Blanton beyond the numbers: Lost in the volume of tackles and PD is the actual game-related value of each. It varies greatly by player but in Blanton's case, considering his cornerback/nickel role, his impact on the defense goes beyond the objective numbers:

  • In addition to 7.5 tackles-for-loss, Blanton recorded five run support stops limiting foes to 0, 1 or 2 yards. Two of his stops behind the line were following pass receptions – bubble screens Blanton blew up despite the presence of a blocker in front of him.
  • He denied 11 3rd down conversions/goal line pass attempts with tackles short of the marker, a sack (Pittsburgh), passes defended, passes defended that resulted in a teammate's interception, or by playing perfect position defense on a fade pattern to the goal line.
  • Through the first 12 games, Blanton was beaten on 3rd down for a first down just once (Utah) before yielding two such plays late vs. Miami.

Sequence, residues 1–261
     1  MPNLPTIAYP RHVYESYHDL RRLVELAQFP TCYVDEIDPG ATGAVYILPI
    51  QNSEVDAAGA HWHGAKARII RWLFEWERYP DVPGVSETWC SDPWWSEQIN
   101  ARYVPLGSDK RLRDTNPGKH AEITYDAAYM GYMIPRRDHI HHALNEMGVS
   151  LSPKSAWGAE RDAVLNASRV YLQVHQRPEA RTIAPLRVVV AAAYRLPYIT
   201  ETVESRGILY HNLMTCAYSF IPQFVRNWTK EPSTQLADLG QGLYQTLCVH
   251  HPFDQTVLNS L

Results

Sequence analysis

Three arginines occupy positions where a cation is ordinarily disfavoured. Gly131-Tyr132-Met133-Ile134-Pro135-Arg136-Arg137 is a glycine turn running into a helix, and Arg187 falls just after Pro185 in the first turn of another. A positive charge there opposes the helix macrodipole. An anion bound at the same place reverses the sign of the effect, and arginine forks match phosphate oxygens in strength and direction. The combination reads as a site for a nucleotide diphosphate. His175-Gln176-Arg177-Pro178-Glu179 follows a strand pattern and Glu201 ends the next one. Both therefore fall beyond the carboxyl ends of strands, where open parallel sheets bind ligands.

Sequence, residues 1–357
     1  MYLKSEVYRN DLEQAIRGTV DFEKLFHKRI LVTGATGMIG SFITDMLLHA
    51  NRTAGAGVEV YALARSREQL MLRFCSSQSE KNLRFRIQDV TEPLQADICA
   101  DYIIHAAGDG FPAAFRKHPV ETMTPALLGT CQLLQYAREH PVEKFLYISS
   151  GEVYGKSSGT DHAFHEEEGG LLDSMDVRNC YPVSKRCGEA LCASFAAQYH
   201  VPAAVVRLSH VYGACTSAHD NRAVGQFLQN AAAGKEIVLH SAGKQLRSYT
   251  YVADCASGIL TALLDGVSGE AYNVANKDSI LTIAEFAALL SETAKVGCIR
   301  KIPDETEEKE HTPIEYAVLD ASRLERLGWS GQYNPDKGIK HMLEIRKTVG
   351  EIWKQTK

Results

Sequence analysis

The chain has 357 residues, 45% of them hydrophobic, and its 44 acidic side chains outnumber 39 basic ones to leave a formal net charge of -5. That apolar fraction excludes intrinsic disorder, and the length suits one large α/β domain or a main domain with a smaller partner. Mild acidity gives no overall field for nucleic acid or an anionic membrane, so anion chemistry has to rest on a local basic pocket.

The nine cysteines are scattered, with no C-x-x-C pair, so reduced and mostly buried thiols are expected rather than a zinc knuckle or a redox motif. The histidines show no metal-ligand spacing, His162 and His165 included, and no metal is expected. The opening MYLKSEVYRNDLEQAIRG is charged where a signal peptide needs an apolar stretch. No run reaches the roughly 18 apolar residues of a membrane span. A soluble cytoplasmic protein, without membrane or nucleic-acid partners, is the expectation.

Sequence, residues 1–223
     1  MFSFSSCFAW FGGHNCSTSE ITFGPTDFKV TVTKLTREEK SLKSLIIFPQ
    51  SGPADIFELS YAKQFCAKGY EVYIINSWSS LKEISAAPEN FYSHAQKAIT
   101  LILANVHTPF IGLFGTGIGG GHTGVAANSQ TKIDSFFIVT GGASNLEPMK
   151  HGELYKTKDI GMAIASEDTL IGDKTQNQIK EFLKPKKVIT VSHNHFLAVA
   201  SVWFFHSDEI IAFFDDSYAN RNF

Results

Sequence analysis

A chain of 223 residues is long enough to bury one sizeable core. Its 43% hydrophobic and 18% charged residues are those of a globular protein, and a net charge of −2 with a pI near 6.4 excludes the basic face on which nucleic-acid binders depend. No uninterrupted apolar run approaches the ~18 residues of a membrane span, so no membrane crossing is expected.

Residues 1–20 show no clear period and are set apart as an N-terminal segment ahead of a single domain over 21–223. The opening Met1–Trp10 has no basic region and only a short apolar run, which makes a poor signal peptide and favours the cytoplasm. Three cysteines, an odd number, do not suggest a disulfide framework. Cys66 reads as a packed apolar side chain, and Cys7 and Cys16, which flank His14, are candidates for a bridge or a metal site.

If you're scoring big plays per snap, it's hard to imagine anyone getting more for his money than the junior cornerback.

Navy and Stanford losses aside, the 2010 Irish defense consistently found a way to get off the field on third down, holding their remaining 11 foes to just 53 conversions in 174 3rd Down opportunities.

The consistent and versatile presence of Blanton was a big reason for the improvement – a fitting conclusion for one of the team's two most improved defensive players from a season ago.

#6 – Senior Kicker David Ruffer

I'll answer your obvious (and valid) question, first: Why not higher?

  1. Ruffer simply didn't find the field enough to rank higher than the remaining candidates: those that toil and take punishment on every play. While nearly perfect, Ruffer didn't influence the game as much as some of the team's key position players. Remember, he only attempted 15 regular season field goals. Which leads us to…
  2. Aside from (arguably) the Purdue contest, Ruffer was never was asked to kick a game-clinching or winning kick (insert your own obvious comment here).